The National Institute for Health and Care Excellence (NICE) developed a guideline on drug misuse prevention in vulnerable populations. Part of the guideline development process involved evaluating cost-effectiveness and determining which interventions represented good value for money.
Economic models were developed for seven interventions which aimed to prevent drug use in vulnerable populations. The models compared the costs (to the health and crime sectors) and health benefits (in quality-adjusted life years (QALYs)) of each intervention and its comparator. Sensitivity analysis explored the uncertainty associated with the cost of each intervention and duration of its effect.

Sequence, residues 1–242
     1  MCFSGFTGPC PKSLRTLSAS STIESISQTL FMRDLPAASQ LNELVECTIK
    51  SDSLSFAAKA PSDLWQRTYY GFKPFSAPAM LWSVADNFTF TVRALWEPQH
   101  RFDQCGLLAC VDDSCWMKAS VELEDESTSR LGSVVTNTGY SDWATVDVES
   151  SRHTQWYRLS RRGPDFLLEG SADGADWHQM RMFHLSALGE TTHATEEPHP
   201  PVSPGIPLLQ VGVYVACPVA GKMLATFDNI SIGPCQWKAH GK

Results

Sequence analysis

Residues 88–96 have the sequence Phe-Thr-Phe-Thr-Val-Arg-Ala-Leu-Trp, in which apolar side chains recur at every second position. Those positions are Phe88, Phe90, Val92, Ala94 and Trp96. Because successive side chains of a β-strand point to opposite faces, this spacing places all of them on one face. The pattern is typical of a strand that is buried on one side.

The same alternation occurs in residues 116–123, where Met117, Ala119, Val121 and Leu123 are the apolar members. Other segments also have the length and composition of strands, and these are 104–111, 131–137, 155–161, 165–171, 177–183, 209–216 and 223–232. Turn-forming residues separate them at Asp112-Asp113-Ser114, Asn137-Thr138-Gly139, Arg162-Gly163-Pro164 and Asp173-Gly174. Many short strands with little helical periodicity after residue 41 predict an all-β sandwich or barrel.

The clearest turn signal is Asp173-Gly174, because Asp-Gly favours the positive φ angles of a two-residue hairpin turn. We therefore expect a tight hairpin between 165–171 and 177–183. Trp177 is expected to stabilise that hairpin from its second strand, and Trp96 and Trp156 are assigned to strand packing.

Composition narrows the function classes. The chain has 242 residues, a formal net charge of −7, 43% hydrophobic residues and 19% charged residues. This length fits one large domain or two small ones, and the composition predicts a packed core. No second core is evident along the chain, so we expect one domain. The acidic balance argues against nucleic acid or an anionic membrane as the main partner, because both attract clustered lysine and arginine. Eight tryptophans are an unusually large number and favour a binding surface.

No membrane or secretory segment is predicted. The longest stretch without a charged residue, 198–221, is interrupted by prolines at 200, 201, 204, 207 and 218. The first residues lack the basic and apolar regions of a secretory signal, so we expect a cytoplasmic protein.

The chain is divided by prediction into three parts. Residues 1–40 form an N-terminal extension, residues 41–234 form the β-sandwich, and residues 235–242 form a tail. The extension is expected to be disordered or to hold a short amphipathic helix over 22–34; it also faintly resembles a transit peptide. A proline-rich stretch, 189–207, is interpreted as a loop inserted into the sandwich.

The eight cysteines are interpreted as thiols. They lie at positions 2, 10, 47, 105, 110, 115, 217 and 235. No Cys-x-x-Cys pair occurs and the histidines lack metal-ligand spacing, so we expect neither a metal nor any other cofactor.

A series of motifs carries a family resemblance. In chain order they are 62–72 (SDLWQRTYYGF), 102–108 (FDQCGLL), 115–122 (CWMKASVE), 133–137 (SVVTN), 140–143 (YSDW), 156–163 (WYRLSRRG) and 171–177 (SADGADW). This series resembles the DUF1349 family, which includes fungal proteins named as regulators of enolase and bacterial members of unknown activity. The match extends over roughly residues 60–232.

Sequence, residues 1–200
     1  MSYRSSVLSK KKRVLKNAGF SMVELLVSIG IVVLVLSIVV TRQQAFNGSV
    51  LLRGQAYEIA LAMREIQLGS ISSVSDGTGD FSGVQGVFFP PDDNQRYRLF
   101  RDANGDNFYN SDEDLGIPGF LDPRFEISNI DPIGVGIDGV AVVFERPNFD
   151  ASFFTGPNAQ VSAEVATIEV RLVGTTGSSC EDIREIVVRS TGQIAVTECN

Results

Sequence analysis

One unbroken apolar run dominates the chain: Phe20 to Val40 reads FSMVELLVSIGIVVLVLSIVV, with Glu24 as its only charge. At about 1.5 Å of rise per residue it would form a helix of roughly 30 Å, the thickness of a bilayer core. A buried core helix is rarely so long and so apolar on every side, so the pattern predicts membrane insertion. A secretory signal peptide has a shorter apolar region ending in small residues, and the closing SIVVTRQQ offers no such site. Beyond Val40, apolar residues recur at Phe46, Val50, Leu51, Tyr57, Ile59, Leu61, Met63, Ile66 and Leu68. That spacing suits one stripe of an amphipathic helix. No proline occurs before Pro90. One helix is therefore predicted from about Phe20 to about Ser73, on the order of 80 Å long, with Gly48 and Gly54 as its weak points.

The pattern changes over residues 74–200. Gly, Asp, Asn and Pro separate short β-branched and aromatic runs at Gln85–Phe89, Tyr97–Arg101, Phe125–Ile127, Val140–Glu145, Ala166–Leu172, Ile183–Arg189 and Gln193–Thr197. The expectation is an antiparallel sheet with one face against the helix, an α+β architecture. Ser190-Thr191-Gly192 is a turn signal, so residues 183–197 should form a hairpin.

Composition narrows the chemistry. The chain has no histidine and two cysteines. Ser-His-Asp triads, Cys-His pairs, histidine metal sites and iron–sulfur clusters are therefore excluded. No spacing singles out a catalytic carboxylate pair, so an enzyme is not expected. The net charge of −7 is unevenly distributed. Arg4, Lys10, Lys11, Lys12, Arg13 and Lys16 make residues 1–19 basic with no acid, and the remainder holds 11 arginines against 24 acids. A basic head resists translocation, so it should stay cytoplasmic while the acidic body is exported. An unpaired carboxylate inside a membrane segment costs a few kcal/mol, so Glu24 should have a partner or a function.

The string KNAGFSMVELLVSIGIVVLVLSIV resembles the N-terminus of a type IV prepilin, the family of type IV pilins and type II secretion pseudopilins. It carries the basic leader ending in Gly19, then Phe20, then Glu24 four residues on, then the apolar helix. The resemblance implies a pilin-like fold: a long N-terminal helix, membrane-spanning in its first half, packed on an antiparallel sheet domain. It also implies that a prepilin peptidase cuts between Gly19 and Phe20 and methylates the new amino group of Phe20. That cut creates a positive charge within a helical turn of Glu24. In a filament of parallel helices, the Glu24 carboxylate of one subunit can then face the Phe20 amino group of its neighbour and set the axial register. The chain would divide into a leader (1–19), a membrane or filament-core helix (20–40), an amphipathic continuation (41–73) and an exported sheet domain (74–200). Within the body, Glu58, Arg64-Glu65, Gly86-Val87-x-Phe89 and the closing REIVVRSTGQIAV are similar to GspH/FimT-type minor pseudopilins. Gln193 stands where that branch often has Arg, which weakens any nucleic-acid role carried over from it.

The reduction in drug use for each intervention partly offset the costs of the intervention, and improved health outcomes (QALYs). However, with high intervention costs and low QALY gains, none of the interventions were estimated to be cost-effective in the base case. Sensitivity analysis found that some of the interventions could be cost-effective if they could be delivered at a lower cost, or if the effect could be sustained for more than two years.
For drug misuse prevention to be prioritised by funders, the consequences of drug misuse need to be understood, and interventions need to be shown to be effective and cost-effective. Quantifying the wider harms of drug misuse and wider benefits of prevention interventions poses challenges in evaluating the cost-effectiveness of drug misuse prevention interventions. A greater understanding of the consequences of drug misuse and causal factors could facilitate development of cost-effective interventions to prevent drug misuse.
Becky Pennington, Brendan Collins, Simon Leigh, Antony P. Martin, Lesley Owen, Alastair Fischer, Harry Sumnall, Geoff Bates
International Journal of Drug Policy, Volume 57, July 2018